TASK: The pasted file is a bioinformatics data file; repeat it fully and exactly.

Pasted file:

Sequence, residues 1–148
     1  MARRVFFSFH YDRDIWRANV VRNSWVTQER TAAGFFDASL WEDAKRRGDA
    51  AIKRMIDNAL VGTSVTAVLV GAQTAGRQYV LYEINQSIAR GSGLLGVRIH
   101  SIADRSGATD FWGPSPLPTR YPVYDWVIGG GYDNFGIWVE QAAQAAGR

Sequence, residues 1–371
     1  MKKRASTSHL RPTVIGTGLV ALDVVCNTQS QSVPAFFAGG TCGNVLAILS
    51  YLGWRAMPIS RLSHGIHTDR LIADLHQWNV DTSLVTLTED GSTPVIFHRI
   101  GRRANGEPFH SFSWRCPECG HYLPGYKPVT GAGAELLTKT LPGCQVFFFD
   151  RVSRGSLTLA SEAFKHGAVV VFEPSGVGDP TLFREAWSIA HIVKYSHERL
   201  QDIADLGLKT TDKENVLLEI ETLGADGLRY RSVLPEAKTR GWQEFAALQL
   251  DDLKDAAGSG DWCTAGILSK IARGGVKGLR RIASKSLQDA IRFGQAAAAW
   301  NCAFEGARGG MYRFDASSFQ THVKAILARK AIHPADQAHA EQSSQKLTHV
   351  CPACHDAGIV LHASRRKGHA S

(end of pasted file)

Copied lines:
Sequence, residues 1–148
     1  MARRVFFSFH YDRDIWRANV VRNSWVTQER TAAGFFDASL WEDAKRRGDA
    51  AIKRMIDNAL VGTSVTAVLV GAQTAGRQYV LYEINQSIAR GSGLLGVRIH
   101  SIADRSGATD FWGPSPLPTR YPVYDWVIGG GYDNFGIWVE QAAQAAGR

Sequence, residues 1–371
     1  MKKRASTSHL RPTVIGTGLV ALDVVCNTQS QSVPAFFAGG TCGNVLAILS
    51  YLGWRAMPIS RLSHGIHTDR LIADLHQWNV DTSLVTLTED GSTPVIFHRI
   101  GRRANGEPFH SFSWRCPECG HYLPGYKPVT GAGAELLTKT LPGCQVFFFD
   151  RVSRGSLTLA SEAFKHGAVV VFEPSGVGDP TLFREAWSIA HIVKYSHERL
   201  QDIADLGLKT TDKENVLLEI ETLGADGLRY RSVLPEAKTR GWQEFAALQL
   251  DDLKDAAGSG DWCTAGILSK IARGGVKGLR RIASKSLQDA IRFGQAAAAW
   301  NCAFEGARGG MYRFDASSFQ THVKAILARK AIHPADQAHA EQSSQKLTHV
   351  CPACHDAGIV LHASRRKGHA S